I hadn’t been to the coast since May, and now I’ve been two weekends in a row… Today I’ve been on a daytrip to Spurn with the Sheffield Bird Study Group, and a great day it was too. The day started with a flyover V of pink-footed geese, the first of literally thousands to arrive over the course of the day, and just got better from then on.

Great Grey Shrike (digiscoped)

Walking towards the Point, we were greeted fantastic views of a very obliging great grey shrike, and continuing round “The Triangle” we soon caught up with a more distant but no less watchable red-backed shrike perched on a bush! I had my first ever UK shrikes before quarter past ten…

The day continued well with a mix of summer migrants going out and winter migrants coming in, with Spurn acting like a kind of avian airport terminal. Spotted flycatchers, redstarts, wheatears and blackcaps jostled for place with redwings and an influx of goldcrests. There were also a good number of waders, including redshank, knot, turnstone, dunlin, oystercatcher, golden plover, ringed plover and bar-tailed godwit, and a few little egrets. As well as the huge flocks of passing geese, there were equally impressive flocks of hundreds of knot, wisping into the air like smoke.

As well as the birds there were a good number of roe deer around.

Roe Deer

After lunch things continued to go well. An assembled crowd of birders around the churchyard alerted us to an appearance in of a bird I was very much hoping to see – yellow-browed warbler. I got very brief but very clear views of the inobtrusive bird as it flitted around the treetops.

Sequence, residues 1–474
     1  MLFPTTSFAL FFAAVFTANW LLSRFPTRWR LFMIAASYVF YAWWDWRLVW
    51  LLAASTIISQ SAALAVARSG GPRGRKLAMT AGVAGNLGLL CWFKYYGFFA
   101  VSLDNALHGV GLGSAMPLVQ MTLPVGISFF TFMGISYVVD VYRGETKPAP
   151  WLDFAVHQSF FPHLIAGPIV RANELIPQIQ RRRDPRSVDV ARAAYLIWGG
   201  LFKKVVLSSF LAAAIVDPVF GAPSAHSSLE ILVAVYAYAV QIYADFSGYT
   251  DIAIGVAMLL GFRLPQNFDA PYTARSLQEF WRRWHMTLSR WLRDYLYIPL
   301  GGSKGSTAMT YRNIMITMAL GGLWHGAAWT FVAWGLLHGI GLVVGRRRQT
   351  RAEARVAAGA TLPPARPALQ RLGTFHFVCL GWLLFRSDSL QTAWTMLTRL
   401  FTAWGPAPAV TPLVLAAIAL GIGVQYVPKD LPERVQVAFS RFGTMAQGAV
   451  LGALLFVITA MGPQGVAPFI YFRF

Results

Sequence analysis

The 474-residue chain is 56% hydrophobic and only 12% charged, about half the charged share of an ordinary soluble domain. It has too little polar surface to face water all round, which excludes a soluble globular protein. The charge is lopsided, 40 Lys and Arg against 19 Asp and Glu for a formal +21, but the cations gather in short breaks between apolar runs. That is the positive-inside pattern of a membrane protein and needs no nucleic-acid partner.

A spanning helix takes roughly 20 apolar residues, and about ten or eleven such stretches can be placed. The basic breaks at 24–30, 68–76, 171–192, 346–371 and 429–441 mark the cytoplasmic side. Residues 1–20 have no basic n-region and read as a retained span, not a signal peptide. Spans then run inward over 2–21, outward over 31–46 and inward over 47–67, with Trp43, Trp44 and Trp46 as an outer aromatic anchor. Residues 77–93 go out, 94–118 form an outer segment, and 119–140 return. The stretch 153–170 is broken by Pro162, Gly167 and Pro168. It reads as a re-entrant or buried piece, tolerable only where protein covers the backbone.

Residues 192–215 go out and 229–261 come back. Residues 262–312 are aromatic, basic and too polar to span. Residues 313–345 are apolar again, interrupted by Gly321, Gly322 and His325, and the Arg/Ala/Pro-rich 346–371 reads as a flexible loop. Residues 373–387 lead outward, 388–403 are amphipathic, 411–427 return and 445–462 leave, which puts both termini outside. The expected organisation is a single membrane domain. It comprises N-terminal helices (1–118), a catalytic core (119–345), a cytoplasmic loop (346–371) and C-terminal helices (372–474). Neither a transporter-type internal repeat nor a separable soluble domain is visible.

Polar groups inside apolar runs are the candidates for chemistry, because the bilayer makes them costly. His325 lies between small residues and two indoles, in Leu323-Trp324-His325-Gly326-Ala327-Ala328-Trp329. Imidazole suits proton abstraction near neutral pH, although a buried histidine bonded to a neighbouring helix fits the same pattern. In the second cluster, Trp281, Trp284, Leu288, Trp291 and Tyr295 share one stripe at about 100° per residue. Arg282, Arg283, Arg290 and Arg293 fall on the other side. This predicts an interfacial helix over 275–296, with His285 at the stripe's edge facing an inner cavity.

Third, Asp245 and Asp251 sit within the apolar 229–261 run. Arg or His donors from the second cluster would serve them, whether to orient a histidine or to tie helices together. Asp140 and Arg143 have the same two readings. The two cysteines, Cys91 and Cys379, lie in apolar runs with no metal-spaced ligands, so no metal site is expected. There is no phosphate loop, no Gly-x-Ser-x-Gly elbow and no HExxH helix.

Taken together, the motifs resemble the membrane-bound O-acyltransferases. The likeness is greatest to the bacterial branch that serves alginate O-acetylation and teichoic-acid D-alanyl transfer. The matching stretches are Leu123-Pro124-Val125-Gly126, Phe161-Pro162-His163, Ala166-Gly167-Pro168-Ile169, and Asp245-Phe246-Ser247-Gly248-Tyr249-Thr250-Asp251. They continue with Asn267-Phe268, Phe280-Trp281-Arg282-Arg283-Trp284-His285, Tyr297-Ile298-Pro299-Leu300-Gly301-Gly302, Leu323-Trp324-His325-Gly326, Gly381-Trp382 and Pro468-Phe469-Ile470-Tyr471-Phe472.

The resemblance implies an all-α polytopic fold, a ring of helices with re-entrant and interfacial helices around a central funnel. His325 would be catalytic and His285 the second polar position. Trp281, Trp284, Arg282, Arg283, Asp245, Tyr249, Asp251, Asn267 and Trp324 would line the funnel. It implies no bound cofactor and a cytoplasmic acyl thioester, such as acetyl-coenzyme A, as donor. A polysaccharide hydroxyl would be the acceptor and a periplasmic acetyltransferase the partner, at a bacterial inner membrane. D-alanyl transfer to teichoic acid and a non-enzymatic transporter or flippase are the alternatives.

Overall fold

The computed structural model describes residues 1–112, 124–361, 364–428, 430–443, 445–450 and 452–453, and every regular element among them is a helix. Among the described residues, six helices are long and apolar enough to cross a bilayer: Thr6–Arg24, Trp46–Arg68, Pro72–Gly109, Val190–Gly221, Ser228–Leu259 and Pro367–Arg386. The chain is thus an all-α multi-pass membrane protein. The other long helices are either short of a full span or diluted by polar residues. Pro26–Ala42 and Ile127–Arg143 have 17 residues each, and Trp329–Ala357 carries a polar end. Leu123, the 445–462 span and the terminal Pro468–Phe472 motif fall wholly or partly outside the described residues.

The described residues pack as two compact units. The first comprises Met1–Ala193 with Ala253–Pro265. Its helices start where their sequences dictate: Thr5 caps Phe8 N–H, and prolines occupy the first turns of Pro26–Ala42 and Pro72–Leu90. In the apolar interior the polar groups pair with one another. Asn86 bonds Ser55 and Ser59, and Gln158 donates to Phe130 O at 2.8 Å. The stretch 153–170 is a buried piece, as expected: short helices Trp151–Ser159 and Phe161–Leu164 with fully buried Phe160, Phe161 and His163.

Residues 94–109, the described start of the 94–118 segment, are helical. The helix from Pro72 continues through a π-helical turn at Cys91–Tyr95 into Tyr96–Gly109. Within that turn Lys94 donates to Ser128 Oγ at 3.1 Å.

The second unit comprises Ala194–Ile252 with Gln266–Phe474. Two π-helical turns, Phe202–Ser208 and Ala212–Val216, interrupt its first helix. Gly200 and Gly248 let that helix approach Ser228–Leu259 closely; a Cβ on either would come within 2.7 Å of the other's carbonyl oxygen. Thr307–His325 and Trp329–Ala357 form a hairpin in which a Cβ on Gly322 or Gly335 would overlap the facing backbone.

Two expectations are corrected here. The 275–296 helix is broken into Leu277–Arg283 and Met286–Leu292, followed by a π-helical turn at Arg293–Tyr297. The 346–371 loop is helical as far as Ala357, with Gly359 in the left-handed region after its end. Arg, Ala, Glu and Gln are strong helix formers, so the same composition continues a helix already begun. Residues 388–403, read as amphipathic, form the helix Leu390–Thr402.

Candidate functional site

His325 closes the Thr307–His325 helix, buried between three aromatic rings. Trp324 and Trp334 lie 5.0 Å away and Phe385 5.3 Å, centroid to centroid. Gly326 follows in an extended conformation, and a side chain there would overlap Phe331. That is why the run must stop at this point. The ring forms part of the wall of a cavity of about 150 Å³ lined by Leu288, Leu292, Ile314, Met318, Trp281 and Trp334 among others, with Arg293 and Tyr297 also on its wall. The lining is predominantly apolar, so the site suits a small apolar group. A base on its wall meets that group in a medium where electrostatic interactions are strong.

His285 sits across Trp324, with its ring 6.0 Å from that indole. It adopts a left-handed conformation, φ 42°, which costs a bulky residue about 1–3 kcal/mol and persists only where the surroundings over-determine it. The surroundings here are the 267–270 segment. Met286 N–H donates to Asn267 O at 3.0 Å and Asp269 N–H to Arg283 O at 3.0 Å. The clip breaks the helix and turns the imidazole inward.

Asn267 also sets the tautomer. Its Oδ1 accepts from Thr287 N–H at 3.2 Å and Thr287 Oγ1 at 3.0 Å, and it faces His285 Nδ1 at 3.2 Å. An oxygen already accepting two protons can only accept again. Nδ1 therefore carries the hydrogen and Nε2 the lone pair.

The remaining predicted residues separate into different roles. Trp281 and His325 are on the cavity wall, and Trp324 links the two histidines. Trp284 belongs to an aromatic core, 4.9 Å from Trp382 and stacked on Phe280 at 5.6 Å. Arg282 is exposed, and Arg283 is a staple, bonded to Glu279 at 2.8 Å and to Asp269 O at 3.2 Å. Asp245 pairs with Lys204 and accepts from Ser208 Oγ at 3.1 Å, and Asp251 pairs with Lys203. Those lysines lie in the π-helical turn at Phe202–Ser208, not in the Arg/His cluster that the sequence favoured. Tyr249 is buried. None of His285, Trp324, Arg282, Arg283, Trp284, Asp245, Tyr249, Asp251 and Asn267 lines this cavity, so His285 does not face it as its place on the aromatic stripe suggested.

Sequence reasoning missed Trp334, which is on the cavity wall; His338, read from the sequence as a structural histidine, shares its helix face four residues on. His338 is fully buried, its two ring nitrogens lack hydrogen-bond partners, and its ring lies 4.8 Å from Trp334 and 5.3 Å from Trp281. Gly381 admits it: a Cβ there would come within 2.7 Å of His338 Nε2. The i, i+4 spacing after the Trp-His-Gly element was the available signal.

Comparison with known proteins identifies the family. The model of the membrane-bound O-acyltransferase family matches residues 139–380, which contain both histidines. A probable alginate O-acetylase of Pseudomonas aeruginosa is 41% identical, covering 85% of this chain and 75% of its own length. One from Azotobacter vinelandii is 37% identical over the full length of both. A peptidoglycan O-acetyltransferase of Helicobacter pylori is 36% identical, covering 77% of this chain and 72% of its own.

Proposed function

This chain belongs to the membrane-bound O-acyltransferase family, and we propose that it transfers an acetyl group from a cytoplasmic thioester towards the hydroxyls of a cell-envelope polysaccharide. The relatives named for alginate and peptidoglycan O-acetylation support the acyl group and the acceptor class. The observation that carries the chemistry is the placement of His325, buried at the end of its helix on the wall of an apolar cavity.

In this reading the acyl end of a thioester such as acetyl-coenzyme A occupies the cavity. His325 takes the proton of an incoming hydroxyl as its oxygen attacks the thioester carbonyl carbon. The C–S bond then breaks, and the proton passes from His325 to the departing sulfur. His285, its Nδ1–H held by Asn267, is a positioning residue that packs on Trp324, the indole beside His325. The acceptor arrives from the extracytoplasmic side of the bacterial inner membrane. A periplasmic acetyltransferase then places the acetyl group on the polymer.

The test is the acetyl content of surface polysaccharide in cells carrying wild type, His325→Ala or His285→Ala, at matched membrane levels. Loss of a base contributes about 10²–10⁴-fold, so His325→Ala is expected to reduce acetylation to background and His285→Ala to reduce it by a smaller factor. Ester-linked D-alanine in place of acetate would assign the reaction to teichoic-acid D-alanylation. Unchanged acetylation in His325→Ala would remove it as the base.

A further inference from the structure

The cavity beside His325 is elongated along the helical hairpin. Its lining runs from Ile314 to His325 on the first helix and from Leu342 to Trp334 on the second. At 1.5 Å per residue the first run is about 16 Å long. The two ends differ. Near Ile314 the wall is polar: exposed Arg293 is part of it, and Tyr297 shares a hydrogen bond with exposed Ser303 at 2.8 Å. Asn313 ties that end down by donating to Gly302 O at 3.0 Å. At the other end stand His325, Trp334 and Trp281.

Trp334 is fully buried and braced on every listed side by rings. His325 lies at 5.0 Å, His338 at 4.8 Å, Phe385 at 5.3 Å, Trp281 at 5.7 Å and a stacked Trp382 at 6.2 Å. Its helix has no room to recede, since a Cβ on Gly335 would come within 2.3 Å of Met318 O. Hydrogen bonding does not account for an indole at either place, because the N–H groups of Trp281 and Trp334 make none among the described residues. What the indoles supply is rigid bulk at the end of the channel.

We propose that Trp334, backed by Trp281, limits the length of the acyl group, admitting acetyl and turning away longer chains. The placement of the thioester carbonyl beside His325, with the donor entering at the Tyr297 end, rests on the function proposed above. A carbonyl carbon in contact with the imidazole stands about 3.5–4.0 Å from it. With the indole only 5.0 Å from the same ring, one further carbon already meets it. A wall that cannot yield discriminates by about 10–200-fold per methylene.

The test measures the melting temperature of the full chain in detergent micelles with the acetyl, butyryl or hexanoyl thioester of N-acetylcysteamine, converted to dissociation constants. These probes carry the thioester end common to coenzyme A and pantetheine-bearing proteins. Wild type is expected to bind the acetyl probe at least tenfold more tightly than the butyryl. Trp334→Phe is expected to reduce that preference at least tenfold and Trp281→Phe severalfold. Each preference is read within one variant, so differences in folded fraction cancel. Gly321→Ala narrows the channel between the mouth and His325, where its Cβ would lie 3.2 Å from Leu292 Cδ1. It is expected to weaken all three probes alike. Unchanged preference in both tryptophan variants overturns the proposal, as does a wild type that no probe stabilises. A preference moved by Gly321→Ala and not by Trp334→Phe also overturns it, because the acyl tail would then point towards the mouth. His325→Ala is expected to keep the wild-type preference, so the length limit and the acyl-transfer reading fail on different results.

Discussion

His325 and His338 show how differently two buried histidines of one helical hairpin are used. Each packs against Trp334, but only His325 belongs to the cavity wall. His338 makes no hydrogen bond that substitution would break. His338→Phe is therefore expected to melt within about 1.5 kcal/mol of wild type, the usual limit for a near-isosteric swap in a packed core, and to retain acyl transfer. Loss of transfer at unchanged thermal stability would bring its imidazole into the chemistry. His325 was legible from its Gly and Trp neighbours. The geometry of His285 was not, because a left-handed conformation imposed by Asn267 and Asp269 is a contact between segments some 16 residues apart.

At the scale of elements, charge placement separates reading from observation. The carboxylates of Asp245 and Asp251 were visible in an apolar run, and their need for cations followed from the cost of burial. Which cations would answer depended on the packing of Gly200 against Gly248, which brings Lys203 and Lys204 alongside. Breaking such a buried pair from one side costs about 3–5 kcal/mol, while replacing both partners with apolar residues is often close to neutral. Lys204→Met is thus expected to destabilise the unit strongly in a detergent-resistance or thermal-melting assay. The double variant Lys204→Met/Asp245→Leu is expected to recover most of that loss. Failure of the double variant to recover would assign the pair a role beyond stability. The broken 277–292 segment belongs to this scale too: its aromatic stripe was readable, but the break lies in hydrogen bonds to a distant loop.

(Much amusement came from the fact that little after an hour after we squinted into the churchyard trees, news came across someone’s pager that one was currently present outside a pub in Upperthorpe…)

And going round the Triangle for a second time, I finally found a bird that has given me the slip all summer – whinchats. In fact a good number of them, often sat right next to stonechats just to highlight their differences from their close cousins. We also got a second look of both shrikes in the same area.

When I got home a skein of around 100 pink-feet flew overhead, visible from the living room window. It’s strange to think these may be some of the very same birds I saw earlier in the day!

All in all I got 62 species today (including on the way back), and five year ticks – three of which are lifers, one which is a UK lifer, and one which I haven seen since I started listing properly.

Today’s full list (in rough order of sighting!)…

Linnet, Robin, Blackbird, Pink-footed Geese, Dunlin, Redshank, Herring Gull, Tree Sparrow, Starling, Wheatear, Great Grey Shrike, Red-backed Shrike, Shelduck, Little Egret, Stonechat, Carrion Crow, Meadow Pipit, Reed Bunting, Goldfinch, Moorhen, Coot, Little Grebe, Greenfinch, Blue Tit, Golden Plover, Oystercatcher, Curlew, Knot, Turnstone, Wren, Collared Dove, Woodpigeon, Redwing, Goldcrest, Redstart, Song Thrush, Blackcap, Spotted Flycatcher, Pied Wagtail, House Sparrow, Common Gull, Dunnock, Sparrowhawk, Yellow-browed Warbler, Grey Heron, Black-headed Gull, Whinchat, Kingfisher, Ringed Plover, Bar-tailed Godwit, Great Black-backed Gull. (Way home) Feral Pigeon, Jackdaw, Rook, Cormorant, House Martin, Lesser Black-backed Gull, Mallard, Kestrel, Magpie, Lapwing, Canada Goose.


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My name is Pete

3 thoughts on “Spurn”

  1. Tom > Details on the SBSG site are “1 feeding in large ornamental tree outside the Burlington Tower block on Martin St at 1300h”. Unfortunately I’ve not seen any reports of it since Sunday.

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